The death of the three sisters in the national capital due to starvation Tuesday is a testimony to the failure of systems and schemes which were meant to address a case like theirs: from the school to the neighbourhoods to the government’s food scheme.
Nothing illustrates this better than the fact that the bank account of one of the sisters, Mansi, opened by school authorities, still had money in it and ATM cards were given to the family. “There is a little over Rs 1,800 in her account, which seems to be the money that the government gives as direct benefit transfer to purchase school books or uniform,” a source said.
The oldest of the three, eight-year-old Mansi, was in Class III at the Poorvi Dilli Nagar Nigam Balika Vidyalaya in Mandawali, where she was entitled to a meal every school day under the midday meal programme. But in the month of July, she had attended school just twice — on the 10th of the month and the day before her death.
Mansi and her sisters, Shikha (4) and Paro (2), were found dead on Tuesday at a house they had temporarily moved into three days ago. According to the postmortem, the three had died of malnutrition/starvation and its complications. A second postmortem report has confirmed death due to starvation and that there was no trace of fat on their bodies.
Police Thursday intensified efforts to locate their father, who has been missing since the three bodies were found. Delhi government sources also said that they were probing how three girls of different age died at the same time.
Deputy Chief Minister Manish Sisodia – who is also the MLA of the area – admitted the system had collapsed. “The incident is shocking and worrying and is a collective failure of the system. I have asked the officials to prepare a report on whether a record of the children eligible for care at anganwadis was maintained, as it should be. If yes, why did the incident occur? If not, why weren’t the surveys carried out,” he said.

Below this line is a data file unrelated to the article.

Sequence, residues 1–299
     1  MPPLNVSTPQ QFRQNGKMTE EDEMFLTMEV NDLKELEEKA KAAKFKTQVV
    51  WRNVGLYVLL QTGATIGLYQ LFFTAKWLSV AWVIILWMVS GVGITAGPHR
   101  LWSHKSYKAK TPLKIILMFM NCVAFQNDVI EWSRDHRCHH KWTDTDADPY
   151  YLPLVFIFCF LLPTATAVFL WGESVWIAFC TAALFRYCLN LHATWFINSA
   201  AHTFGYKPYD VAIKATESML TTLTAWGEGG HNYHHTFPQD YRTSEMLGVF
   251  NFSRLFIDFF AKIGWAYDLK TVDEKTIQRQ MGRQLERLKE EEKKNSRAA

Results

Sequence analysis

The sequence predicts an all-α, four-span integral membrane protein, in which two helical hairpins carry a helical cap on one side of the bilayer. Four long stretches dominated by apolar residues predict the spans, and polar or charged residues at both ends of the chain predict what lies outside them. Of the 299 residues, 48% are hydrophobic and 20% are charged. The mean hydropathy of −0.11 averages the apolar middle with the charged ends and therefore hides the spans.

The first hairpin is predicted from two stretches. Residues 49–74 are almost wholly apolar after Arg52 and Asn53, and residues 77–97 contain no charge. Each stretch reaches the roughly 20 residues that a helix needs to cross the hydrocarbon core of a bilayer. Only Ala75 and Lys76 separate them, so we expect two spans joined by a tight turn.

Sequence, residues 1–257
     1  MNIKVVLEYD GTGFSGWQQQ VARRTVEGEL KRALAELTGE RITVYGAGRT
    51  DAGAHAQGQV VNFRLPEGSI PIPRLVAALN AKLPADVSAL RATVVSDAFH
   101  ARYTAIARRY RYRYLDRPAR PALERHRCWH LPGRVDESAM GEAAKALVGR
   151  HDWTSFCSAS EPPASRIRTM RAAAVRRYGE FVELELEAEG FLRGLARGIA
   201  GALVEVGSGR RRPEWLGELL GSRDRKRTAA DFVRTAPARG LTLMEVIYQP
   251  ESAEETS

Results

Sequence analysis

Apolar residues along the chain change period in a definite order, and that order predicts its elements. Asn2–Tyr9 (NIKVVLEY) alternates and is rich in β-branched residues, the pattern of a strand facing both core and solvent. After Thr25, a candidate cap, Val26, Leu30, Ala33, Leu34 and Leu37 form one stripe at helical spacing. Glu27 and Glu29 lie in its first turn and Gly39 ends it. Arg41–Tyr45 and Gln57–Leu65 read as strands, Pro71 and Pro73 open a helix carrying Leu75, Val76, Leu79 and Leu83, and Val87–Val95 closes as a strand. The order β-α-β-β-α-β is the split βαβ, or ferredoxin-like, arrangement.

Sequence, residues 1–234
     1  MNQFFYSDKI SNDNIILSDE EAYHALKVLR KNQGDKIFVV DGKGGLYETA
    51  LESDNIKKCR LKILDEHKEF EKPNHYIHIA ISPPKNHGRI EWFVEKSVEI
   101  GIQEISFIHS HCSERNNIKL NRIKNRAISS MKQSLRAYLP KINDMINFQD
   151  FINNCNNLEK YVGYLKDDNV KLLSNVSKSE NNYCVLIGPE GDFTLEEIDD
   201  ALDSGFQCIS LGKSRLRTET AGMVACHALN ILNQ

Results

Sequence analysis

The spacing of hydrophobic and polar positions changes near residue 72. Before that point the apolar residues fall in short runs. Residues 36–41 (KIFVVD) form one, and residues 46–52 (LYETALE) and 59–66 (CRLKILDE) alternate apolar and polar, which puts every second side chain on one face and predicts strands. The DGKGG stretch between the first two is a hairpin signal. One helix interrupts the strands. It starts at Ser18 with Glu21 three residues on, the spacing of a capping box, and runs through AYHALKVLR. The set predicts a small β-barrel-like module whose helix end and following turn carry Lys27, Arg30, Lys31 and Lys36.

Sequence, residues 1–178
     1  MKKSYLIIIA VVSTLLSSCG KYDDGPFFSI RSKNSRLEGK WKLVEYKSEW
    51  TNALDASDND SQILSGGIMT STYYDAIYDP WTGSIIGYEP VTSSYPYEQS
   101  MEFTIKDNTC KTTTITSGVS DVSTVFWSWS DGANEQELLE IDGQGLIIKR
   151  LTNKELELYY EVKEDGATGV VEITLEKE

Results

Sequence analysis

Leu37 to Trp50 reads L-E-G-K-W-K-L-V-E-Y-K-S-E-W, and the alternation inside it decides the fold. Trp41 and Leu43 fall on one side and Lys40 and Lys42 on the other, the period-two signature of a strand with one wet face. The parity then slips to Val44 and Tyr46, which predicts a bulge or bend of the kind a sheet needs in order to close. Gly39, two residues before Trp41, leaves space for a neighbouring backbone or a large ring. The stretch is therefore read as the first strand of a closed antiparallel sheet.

While the oldest sibling Mansi and the mother had Aadhaar cards, the family did not have a ration card, which gives BPL families access to subsidised pulses and grain. According to Sisodia, other families in the area have also said they don’t have ration cards.
“We will check why people who deserve these cards don’t have access to them. I have asked for a report on why this lapse happened,” he said
Mansi’s class teacher said, “When the child was absent for so long, I called up the contact number in the school record to ask about it. I was told that the child had gone back to her village for a while and didn’t think much about it.”
Mansi had joined the school in 2014 as a nursery student. According to both the class teacher and the principal, the child’s attendance in school was always irregular though she was a fairly good student. Both said she always walked back home by herself because no-one would come to pick her up.
“When we would ask her about it, she would say that it was because there was nobody at home,” the class teacher said, requesting anonymity. Asked if they had ever met the child’s parents all these years, they said that they had but had spoken to the father only in passing. They also mention that her mother was mentally unstable and incapable of communicating clearly.